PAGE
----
Introduction Series Part 4: Cookies

Martin Brinkmann
May 12, 2006
Updated • May 7, 2013

Cookies even after all those years are still a mysterious concept to many Internet users. At their core, they are nothing more than data files that get saved to the computer's of users who visit websites that set them. Basic cookies are usually divided into first and third party cookies. A first party cookie is always set by the site you visit. So, if you go to my site and it sets a cookie, that is a first party cookie. Third party cookies on the other hand are set by scripts that run from different domains. The Facebook like box on the right may set a cookie on your system as well, and this is considered a third party cookie as it is set by a different domain.

There are other types of cookies, Flash cookies for example (LSO), that can be set as well. The main purpose of cookies is to provide websites with local storage that they can use for information. Think of authentication information so that you do not have to sign in again on every page you visit, or game saves of Flash games that you have played.

Sometimes, cookies are used for tracking purposes. Since cookies can be accessed whenever you open a website that has set a cookie or runs a script that has set one, it is easy to follow your movement on the Internet. The majority of sites have Facebook like buttons, Google Adsense or Analytics, and other scripts that they run, and these scripts can access the cookies they set. I'm not saying all of them use the information to track you on the Web, but there are marketing agencies and businesses out there that do.

These tracking information are often used to create profiles that collects information about your interests as well as related information, like the location you connect to the Internet or the browser that you are using. It is relatively easy to create a profile, and these profiles are then either used to display targeted advertisement to you, or sold to companies instead.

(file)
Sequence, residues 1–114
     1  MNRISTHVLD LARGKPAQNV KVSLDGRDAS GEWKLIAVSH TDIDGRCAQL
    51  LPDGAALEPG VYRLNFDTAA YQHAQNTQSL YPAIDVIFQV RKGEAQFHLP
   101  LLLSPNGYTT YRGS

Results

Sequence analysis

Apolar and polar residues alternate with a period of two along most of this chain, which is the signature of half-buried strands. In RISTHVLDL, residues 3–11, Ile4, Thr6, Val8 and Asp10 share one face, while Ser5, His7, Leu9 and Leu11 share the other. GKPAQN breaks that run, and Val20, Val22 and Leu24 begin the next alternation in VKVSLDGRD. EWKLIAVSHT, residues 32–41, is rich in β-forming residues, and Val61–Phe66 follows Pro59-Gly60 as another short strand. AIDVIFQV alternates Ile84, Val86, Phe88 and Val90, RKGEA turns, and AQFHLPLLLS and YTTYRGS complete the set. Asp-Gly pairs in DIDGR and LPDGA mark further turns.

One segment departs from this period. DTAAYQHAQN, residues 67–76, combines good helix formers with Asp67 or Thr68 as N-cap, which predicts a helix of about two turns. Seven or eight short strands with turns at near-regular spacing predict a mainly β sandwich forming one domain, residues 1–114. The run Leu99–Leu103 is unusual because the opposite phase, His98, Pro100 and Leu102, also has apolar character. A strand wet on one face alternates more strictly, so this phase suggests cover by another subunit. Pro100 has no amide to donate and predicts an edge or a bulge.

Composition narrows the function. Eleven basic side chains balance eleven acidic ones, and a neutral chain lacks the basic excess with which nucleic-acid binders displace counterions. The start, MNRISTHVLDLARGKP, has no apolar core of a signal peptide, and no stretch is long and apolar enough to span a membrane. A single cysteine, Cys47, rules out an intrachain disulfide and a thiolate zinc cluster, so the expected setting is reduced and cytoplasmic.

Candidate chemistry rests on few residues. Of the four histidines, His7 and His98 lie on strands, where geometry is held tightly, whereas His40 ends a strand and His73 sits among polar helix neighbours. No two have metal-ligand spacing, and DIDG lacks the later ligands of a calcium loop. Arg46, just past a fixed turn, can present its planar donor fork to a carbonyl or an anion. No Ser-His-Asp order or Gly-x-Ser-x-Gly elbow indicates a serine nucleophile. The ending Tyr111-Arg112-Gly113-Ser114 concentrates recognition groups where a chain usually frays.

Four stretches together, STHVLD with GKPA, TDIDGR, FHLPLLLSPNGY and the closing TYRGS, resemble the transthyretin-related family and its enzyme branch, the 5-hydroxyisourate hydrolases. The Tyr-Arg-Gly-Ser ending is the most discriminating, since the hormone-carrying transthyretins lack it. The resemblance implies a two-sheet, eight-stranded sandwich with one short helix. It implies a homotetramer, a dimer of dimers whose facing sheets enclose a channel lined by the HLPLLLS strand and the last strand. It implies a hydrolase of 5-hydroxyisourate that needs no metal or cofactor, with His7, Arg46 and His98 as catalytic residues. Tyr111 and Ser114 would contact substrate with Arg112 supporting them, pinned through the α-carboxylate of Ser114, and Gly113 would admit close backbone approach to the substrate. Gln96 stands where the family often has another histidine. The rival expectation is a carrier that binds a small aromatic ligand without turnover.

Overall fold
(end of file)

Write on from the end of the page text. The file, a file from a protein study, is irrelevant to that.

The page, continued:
Some companies are making available opt-out options so that you won't receive personalized advertisement. Amazon does so and there is Privacy Choice which you can use to opt-out of dozen of services.

Firefox users can check out the delete all cookies but select ones on exit guide and Chrome users the Keep my opt-outs extension.

Most web browsers provide you with options to block third party cookies right away:

Firefox: Click on the Firefox button and select options. Switch to privacy, switch from Remember history to Use custom settings for history, and select never next to accept third-party cookies.

firefox third party cookies

Internet Explorer: Tap on the Alt-key and select Tools > Internet Options from the menu that opens up. Switch to the privacy tab and click on the advanced button here. Enable override automatic cookie handling and set the third party cookies parameter to block.

third party cookies

Google Chrome: Load chrome://settings/ in the browser's address bar and click on show advanced settings at the bottom. Click on content settings and enable block third-party cookies and site data here.

chrome cookies


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